Longwood Gardens want to raze them; township planners seeking another option
By Kathleen Brady Shea, Managing Editor, The Times
Yours for the taking: three 1920s bungalows commissioned by Pierre S. du Pont to house some of his staff at Longwood Gardens.
“If someone wants to bear the cost of moving them, they don’t have to buy them,” Mary Ann Rossi, an attorney representing the gardens, told the Kennett Township Planning Commission at its meeting Tuesday night.
If the planning commission gets its wish, someone will avail themselves of the offer. Its members have been working to preserve the structures, contending that their historic significance merits the effort.
Longwood has also made its position clear: It wants the buildings razed, arguing that beautifying the corridor along US-1, near the gardens’ entrance, “will evoke the bucolic Brandywine Valley and Chester County landscape aesthetic.” Plus, rehabbing the structures, which lack insulation and usable mechanical systems, “would require a significant investment,” according to the demolition permit request.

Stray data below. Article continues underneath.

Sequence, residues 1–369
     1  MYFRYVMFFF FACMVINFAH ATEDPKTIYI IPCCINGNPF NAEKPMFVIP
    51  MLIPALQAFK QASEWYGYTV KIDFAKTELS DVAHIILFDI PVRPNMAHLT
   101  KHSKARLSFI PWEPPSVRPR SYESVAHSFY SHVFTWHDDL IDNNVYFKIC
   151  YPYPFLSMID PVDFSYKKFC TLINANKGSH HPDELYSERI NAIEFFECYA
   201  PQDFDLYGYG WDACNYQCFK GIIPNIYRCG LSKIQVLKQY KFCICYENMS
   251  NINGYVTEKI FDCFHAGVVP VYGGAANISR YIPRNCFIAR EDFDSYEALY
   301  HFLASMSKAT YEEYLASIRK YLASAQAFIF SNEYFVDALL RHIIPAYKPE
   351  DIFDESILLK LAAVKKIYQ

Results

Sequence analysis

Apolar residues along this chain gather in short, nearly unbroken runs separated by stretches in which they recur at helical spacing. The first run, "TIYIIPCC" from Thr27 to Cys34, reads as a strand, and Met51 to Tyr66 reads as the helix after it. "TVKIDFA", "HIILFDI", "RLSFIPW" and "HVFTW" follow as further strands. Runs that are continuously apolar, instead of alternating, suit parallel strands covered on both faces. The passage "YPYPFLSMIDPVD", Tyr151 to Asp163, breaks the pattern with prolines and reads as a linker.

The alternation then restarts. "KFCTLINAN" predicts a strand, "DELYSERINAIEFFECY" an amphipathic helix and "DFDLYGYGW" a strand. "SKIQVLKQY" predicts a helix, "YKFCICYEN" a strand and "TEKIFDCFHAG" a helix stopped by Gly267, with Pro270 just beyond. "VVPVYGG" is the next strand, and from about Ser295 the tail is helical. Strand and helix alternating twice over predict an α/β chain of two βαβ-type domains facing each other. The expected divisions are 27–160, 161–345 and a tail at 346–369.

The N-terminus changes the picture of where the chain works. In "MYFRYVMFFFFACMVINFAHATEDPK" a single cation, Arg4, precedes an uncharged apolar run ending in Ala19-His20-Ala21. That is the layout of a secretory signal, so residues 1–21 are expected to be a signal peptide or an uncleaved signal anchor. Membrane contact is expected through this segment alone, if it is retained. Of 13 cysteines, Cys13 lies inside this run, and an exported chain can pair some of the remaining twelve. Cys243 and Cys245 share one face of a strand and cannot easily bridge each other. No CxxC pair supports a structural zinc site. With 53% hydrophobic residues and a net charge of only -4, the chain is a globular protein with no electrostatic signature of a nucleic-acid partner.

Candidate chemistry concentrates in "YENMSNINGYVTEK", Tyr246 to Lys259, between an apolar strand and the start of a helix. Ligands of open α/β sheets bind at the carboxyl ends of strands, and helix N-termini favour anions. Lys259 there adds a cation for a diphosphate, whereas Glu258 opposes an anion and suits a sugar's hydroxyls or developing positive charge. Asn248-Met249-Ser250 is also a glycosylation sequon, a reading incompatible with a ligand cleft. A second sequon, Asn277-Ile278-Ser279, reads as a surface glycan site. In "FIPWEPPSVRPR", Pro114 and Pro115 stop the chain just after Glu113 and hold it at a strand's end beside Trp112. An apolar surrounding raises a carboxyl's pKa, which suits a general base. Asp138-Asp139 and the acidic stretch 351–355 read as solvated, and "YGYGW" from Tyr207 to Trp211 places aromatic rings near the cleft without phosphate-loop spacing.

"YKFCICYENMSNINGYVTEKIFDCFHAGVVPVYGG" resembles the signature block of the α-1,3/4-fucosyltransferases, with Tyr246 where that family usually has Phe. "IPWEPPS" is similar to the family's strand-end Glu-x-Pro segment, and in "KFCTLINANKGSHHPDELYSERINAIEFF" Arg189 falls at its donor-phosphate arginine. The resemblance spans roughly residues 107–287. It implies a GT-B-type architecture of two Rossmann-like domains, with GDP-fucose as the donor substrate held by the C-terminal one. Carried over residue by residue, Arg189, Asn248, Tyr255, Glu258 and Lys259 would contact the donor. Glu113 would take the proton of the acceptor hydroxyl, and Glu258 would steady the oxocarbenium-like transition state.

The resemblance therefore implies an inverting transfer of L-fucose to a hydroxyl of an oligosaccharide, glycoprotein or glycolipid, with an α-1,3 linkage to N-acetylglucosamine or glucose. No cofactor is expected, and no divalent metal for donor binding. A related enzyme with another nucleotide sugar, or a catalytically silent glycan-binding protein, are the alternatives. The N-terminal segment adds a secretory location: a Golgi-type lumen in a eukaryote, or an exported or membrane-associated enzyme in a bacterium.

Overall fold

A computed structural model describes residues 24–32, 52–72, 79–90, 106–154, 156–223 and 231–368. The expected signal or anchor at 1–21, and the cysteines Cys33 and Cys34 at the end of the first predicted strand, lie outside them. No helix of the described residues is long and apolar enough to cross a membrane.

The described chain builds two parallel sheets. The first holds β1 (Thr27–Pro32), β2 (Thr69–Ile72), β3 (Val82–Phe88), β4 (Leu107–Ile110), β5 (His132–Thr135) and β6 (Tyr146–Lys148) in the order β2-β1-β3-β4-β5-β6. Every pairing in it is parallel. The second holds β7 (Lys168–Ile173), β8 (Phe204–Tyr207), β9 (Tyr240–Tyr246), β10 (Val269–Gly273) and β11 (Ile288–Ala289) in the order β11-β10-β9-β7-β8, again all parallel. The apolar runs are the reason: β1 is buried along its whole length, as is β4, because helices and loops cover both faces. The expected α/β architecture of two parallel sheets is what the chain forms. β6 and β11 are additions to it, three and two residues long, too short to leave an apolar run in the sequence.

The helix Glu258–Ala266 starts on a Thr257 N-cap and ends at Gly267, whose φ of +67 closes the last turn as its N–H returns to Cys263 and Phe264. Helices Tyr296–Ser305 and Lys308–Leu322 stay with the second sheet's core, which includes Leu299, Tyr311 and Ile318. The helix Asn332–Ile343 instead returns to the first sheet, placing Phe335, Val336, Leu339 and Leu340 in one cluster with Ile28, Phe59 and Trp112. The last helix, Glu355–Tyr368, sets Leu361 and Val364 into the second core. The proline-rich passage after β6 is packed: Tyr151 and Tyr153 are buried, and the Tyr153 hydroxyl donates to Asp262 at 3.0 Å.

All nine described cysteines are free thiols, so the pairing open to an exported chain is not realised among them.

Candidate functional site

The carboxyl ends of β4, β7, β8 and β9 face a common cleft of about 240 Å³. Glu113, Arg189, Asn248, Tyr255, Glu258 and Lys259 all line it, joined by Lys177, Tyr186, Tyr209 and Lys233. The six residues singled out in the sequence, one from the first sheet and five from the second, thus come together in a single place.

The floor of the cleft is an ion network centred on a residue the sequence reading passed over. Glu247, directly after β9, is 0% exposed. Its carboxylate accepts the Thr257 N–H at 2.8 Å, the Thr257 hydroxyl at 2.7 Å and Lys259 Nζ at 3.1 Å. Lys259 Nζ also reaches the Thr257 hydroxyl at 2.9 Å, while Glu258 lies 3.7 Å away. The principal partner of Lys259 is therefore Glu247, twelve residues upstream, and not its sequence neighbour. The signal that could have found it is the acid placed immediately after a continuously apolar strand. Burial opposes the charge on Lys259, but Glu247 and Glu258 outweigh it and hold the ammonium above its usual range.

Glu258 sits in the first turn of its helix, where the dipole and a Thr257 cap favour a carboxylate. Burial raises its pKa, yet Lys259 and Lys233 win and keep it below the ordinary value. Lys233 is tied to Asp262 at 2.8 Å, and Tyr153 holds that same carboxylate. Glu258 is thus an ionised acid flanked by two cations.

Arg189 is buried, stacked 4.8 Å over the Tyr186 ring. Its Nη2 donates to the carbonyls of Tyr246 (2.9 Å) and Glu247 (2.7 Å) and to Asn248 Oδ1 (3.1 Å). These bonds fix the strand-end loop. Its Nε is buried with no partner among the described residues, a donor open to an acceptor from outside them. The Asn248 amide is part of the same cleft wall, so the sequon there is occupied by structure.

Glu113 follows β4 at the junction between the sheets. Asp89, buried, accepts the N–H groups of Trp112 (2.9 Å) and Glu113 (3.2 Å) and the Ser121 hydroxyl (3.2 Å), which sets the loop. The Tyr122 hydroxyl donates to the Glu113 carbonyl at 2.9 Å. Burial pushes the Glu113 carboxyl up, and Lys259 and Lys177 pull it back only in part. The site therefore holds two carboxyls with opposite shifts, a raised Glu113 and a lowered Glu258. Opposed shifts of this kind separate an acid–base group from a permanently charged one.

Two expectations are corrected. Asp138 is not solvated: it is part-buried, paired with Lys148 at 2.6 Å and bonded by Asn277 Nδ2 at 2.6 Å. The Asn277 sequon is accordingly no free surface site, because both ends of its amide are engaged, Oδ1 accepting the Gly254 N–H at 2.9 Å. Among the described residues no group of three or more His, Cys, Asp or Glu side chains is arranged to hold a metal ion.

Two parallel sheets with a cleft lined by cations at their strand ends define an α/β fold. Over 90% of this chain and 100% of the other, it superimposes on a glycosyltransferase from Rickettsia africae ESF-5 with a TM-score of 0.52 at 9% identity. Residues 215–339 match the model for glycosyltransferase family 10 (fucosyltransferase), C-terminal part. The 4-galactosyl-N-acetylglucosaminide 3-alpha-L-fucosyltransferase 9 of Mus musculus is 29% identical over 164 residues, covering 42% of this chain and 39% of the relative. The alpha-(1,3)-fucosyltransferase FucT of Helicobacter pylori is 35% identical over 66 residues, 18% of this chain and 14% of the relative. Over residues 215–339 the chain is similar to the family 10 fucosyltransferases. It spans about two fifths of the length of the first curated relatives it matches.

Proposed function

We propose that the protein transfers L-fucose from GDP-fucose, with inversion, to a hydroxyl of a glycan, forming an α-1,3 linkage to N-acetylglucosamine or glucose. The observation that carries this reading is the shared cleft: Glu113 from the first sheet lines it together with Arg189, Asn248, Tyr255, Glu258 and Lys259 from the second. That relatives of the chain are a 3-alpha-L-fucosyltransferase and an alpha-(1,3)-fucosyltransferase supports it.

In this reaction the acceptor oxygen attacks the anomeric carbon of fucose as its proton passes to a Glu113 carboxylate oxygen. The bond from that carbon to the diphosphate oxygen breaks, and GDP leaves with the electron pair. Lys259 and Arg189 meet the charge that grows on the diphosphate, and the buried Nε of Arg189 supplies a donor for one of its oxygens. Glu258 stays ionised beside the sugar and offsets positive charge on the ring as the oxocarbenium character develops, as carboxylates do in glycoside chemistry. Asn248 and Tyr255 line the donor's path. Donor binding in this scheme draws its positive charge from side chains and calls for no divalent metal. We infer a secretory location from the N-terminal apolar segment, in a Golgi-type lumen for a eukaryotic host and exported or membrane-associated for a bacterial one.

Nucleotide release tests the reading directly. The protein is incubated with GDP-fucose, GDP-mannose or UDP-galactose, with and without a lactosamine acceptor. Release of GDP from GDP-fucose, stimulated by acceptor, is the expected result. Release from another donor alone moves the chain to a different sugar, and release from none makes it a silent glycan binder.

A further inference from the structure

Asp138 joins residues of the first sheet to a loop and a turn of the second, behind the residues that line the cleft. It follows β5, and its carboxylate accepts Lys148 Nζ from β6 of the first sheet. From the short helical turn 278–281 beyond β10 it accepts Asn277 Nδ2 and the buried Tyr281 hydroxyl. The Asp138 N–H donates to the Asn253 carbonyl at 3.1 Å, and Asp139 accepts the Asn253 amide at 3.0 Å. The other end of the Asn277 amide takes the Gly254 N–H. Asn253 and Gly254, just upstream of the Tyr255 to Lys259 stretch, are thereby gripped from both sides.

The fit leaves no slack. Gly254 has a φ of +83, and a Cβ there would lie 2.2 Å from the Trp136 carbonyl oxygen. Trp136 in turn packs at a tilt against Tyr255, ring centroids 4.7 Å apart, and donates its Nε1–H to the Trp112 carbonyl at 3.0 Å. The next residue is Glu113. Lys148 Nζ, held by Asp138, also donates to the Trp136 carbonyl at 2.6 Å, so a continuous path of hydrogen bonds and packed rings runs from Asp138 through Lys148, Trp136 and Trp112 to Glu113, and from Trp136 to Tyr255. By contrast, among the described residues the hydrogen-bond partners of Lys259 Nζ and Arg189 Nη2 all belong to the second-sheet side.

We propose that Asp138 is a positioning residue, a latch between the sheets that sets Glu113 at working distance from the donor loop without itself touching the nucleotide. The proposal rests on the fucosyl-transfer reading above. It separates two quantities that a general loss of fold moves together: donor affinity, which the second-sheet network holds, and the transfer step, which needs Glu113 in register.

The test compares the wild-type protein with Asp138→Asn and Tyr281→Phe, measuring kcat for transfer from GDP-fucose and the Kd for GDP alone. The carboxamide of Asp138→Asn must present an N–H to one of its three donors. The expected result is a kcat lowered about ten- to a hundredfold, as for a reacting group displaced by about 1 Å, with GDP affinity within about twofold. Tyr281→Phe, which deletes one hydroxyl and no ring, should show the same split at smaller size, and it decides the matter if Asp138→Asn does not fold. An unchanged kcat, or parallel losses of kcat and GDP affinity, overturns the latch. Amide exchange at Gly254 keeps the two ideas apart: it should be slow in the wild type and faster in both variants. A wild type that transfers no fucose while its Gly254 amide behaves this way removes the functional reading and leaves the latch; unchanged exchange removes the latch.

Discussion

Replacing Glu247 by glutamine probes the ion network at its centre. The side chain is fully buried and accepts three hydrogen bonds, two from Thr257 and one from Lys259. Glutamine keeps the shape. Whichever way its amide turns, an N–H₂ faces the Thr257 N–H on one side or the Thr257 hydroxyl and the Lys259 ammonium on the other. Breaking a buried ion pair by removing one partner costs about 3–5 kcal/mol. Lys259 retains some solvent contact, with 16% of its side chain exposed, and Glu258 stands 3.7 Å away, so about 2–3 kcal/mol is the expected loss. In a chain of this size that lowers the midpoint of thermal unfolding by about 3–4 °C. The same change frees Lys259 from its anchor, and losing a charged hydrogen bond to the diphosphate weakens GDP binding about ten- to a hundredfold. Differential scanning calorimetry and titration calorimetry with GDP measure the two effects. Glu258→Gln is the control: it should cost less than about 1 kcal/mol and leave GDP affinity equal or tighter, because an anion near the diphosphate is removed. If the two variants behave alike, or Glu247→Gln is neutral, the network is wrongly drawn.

Ultimately, the decision lies with the township’s board of supervisors, said Jim Guthrie, who heads the planning commission. He explained that because Longwood Gardens has been designated a historic district by the township, any requests to tear down buildings require a review by the planning commission, which then makes a non-binding recommendation to the supervisors. In March, the planners requested a 90-day delay to try and explore options that avoided a wrecking ball; the supervisors only granted 30.
More time is needed to try “to solve the problem,” Guthrie said. He said meetings with Longwood officials have occurred; however, they have not produced an acceptable alternative use for the buildings. He said he plans to schedule another one before the supervisors’ April 15 meeting.
At that time, the supervisors could agree to extend the delay, issue an order to permit the demolition, issue a permit with conditions, or deny the permit, Guthrie said. “Denials are usually rare,” he acknowledged.
Rossi confirmed that meetings attempting to find common ground had occurred, calling the process cordial and professional. But she indicated that Longwood was not eager to prolong any negotiations. “We do not embrace an additional delay,” she said.